No net benefits for Broad
Stuart Broad has resisted the notion of compulsory nets as England seek to bounce back from another defeat against South Africa.
Last Updated: 09/09/12 4:19pm
England Twenty20 skipper Stuart Broad has resisted the temptation to order compulsory nets as they seek to bounce back from a second successive seven-wicket defeat against South Africa.
The hosts repeated the failings of their NatWest Series defeat at Trent Bridge last week, when they again failed to post a competitive target at the Emirates Durham ICG on Saturday.
They therefore trail 1-0 in a hectic three-match series, which will be concluded on Wednesday night in Birmingham - hours before they fly to Sri Lanka, on Thursday morning, for the defence of their ICC World Twenty20 crown.
A series of batsmen failed to do themselves justice as England registered the third-lowest Twenty20 total in their history at Chester-le-Street.
But Broad is wary of insisting on more practice, in a situation where he senses mental refreshment might be most beneficial.
"It's a tricky time of year," he said.
"You don't want to be netting all the time, because we've had quite a long cricket season; you've got to actually manage your time well.
"Whether going to the nets and doing certain things is the best thing to do, we'll have a discussion about; or whether getting away and actually having a think about what we do (is better)."
He added: "The boys have hit a lot of balls this summer.
"Maybe this was a mental switch-on, to someone batting through and taking responsibility.
"Whether hitting more balls is a good option, we'll have a look."
Broad is not concerned about England's collective skills, even though they lost four wickets to South African spin - hardly a reassuring pointer to their prospects in the sub-continent where they will be presented with the same challenge, only in a more testing environment.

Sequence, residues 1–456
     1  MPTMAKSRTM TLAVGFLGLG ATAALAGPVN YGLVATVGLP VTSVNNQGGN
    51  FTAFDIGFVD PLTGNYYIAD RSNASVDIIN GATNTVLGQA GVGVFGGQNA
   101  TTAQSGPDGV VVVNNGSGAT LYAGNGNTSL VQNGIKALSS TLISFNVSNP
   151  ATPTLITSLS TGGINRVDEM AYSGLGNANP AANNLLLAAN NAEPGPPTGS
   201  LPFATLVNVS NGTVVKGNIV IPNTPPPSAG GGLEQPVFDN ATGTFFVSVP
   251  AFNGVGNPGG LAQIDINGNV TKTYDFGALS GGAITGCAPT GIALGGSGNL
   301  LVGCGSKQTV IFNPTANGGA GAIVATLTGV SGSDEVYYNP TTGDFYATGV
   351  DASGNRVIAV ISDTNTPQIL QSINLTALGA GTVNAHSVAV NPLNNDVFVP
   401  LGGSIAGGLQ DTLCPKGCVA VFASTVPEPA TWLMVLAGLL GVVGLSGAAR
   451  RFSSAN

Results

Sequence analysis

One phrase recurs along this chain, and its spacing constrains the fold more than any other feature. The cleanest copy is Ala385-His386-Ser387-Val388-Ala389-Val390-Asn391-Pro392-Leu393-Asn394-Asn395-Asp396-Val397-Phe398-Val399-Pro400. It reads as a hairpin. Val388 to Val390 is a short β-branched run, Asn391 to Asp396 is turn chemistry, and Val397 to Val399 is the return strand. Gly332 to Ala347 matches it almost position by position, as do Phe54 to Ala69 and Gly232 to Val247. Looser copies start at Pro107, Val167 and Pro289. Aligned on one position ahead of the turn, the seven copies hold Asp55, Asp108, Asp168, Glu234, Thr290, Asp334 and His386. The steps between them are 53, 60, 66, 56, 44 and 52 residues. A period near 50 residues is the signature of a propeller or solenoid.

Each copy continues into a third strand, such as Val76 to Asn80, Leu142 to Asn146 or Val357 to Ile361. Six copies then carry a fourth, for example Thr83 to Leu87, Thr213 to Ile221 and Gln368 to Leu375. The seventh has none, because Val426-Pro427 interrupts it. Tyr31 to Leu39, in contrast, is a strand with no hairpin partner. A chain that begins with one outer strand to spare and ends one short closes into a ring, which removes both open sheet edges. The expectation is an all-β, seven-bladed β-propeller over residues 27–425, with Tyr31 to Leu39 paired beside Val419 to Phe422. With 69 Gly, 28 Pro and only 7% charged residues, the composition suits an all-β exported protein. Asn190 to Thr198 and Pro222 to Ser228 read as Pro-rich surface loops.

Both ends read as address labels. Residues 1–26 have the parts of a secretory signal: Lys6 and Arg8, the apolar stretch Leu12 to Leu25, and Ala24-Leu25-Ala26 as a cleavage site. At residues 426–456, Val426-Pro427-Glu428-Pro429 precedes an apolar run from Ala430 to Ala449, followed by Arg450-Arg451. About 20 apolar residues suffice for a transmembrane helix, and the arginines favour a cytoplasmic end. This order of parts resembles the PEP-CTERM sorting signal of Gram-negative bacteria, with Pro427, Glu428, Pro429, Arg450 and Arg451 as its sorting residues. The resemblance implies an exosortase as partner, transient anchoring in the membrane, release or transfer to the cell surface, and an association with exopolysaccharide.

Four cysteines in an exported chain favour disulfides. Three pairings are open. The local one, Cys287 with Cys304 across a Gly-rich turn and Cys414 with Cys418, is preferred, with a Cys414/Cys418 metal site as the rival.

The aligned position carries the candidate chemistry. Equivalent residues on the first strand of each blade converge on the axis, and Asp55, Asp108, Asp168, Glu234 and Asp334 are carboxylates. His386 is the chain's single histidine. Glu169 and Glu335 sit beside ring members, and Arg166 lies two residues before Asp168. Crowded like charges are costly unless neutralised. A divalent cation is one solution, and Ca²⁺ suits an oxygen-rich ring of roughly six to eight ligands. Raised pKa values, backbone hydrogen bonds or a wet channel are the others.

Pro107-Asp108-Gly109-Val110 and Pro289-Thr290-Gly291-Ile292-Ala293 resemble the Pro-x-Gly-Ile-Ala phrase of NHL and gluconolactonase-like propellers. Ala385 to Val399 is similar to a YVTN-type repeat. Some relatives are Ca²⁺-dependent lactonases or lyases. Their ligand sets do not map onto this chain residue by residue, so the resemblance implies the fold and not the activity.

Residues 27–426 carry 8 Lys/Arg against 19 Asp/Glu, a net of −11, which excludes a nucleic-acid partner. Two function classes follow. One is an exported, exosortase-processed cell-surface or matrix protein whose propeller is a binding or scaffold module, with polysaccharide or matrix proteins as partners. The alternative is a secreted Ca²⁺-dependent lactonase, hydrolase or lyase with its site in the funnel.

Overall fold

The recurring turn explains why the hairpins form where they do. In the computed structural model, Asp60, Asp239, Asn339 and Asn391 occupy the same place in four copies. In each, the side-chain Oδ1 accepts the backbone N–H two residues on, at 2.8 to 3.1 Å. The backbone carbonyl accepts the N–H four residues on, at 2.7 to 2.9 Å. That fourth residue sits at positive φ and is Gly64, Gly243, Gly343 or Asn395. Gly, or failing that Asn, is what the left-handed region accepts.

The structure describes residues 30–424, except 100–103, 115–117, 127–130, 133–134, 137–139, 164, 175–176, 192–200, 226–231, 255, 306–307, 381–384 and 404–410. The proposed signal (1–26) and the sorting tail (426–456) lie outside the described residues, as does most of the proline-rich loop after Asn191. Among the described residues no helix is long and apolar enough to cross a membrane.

"We didn't play the spin especially well. But we've got good players of spin in there," he said.
"Morgs (Eoin Morgan) is a fantastic player of spin. We've seen him dominate it in the past - it just didn't come off for us here.
"Jos Buttler, in training, hits the ball further than anyone.
"We want guys to have the freedom to go for that boundary option.
"You don't want to curb that enthusiasm too much. But obviously it didn't work out for us, and we need to put that right in a very short turnaround."
Eight overs of Robin Peterson's slow left-arm and Johan Botha's off-spin was hardly a shock for the hosts.
"I don't think they surprised us," added the captain.
"We've played against both of them quite a lot in the last couple of years.
"I think it was quite a good wicket to bowl spin on, because the ball didn't really come on.
"The advantage they then had when batting was that they didn't have to take a risk against Swanny (Graeme Swann).
"For that reason, I think it was a pretty good toss to win. But whatever you do first, you have to do well - and we batted extremely poorly.
"That's something we'll have to improve. That's a given; we'll have to improve not only (at Old Trafford) but in the next month."